The Autumn Equinox

Equinox = ‘equal night’~ from Latin‘aequus’ and ‘nox’.

During the September equinox, which takes place around the 21st September, the sun crosses the celestial equator, moving southwards in the northern hemisphere and northwards in the southern hemisphere.

The September equinox is a sign of autumn in the north and of spring in the south. During the equinox, the length of night and day across the world is almost equal and this occurs in the astrological sign of Libra, where the sign of the scales represents the balance between day and night.

In the northern hemisphere, the Autumn Equinox signifies the ending of summer and the days have been getting progressively shorter since the Summer Solstice, around 21st June. The sun continues to wane as the nights continue to get longer and the days shorter, leading up to the Winter Solstice around 21st December. In Greek mythology, autumn begins as the goddess Persephone returns to the underworld to live with her husband Hades. Animals associated with the autumnal equinox in the northern hemisphere are dogs, wolves and birds of prey. Mythical creatures associated with this time of the year include gnomes, minotaurs and the sphinx.

As with all annual cycles, the Autumn Equinox was a sacred time to ancient peoples. The Welsh Celts called this day ‘Alban Elfed’, meaning ‘Light of Autumn’ and it was recognised as the first day of Autumn. It has also been known as ‘Harvest Home’ and was a time when farmers brought in their harvested goods to be weighed and sold.

This is the second festival of the season of harvest, the first being Lughnasadh, at the beginning of August.  Magically it was believed to be a good time to enact rituals for protection and security.  At this time, Celtic communities would reflect upon successes or failures from the previous months, celebrate and give thanks for the fruits of nature.

In the Buddhist tradition in Japan, the September and March equinoxes are times of national holiday, which are festivals of their imperial ancestors. The equinoxes were considered to be times when the spirits of the dead were able to reach Nirvana after crossing the river of existence, leaving behind the world of suffering, to reach the world of enlightenment.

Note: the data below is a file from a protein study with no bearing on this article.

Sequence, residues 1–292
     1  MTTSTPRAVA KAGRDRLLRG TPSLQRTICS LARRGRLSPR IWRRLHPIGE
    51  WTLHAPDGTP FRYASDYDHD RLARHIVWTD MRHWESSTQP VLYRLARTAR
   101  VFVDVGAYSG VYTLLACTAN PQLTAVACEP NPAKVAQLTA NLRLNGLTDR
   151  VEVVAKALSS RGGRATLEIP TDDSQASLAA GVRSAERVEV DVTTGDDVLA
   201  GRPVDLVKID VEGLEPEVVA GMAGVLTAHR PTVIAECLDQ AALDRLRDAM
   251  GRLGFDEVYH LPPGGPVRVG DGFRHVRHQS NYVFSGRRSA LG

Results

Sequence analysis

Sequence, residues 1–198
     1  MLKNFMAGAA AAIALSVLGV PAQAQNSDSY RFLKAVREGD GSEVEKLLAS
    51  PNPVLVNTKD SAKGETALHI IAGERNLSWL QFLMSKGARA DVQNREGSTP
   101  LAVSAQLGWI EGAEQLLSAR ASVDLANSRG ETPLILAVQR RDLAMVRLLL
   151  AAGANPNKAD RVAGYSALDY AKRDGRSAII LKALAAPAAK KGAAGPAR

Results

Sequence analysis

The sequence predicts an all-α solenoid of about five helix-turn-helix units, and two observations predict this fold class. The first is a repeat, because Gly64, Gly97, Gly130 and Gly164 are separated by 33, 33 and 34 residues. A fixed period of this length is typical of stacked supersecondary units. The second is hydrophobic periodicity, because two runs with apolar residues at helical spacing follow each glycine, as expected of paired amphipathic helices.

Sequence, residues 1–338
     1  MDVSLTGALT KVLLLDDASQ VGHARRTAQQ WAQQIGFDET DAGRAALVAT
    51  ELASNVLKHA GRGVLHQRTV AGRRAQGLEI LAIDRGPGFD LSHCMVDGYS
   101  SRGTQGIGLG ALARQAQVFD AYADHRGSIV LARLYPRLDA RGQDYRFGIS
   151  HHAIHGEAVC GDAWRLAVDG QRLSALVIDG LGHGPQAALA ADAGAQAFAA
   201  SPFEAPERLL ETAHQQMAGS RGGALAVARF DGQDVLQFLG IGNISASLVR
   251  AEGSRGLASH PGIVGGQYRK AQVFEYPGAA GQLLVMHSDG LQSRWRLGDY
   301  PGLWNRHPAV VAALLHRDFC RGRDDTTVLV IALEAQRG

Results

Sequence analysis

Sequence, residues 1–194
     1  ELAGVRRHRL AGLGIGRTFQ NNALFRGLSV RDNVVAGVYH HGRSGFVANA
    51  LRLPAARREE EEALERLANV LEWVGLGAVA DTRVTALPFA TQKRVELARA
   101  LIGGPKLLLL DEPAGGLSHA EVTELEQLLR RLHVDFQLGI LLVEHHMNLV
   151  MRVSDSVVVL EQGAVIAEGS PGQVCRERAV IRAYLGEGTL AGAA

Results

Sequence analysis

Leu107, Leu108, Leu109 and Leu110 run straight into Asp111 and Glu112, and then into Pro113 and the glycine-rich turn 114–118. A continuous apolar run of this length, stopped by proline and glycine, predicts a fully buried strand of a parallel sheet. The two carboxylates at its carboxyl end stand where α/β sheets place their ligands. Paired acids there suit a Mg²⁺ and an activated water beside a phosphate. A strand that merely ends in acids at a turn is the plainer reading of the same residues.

In the Christian tradition, Michaelmas (the Feast of Michael and All Angels) on 29th September, falls close to the autumnal equinox. Pagans celebrated this time in preparation for the winter, by giving thanks to the sunlight before the impending time of darkness. From the Middle Ages until the 18th century, it was observed as a holy day.  Today it is still celebrated by some as the ‘festival of strong will’ or as Thanksgiving.

In China, the Mid-Autumn Festival is also known as the Moon Festival and dates back more than 3,000 years. It is celebrated around the time of the September equinox and of the full moon, giving thanks for the abundance of the summer’s harvest. At this time, families get together to decorate streets with lanterns, to perform dragon dances and to make mooncake with lotus, sesame seeds, duck egg or dried fruit. This is a tradition that originates from making offerings to the sun in the spring, in celebration of resurrection and to the moon in the autumn, known in the West as the Harvest Moon.

At this time of harvesting, the produce from the summer months is gathered and stored in preparation for the winter cycle. The Autumn Equinox is at the cusp of the end of the Virgo cycle and the beginning of the Libra cycle. Virgo, the Virgin, is depicted with a sheaf of wheat in her arms and Libra is represented by the scales of cosmic justice.

The sign of Virgo represents the Spiritual Mother, whereas the sign of Cancer represents the Earth Mother. Virgo here represents the ascent of the soul towards the purity of virgin consciousness on Earth, through the daily discernment and refinement of consciousness. The Virgo experience is a process of learning to discern the chaff from the wheat – what is pure and what is impure; what to accept and what to reject; what is of use and what is no longer of use. Virgo represents the interface between body and soul.

The job assigned to Virgo is to undertake the task of daily life with a consciousness of spiritual awareness and understanding – a living demonstration of the awakened soul on Earth, raising the seeming mundane to a higher spiritual level of existence, allowing the spiritual to influence the physical.

Listen to an Autumn Equinox Meditation

Harp music by Rebecca Penkett

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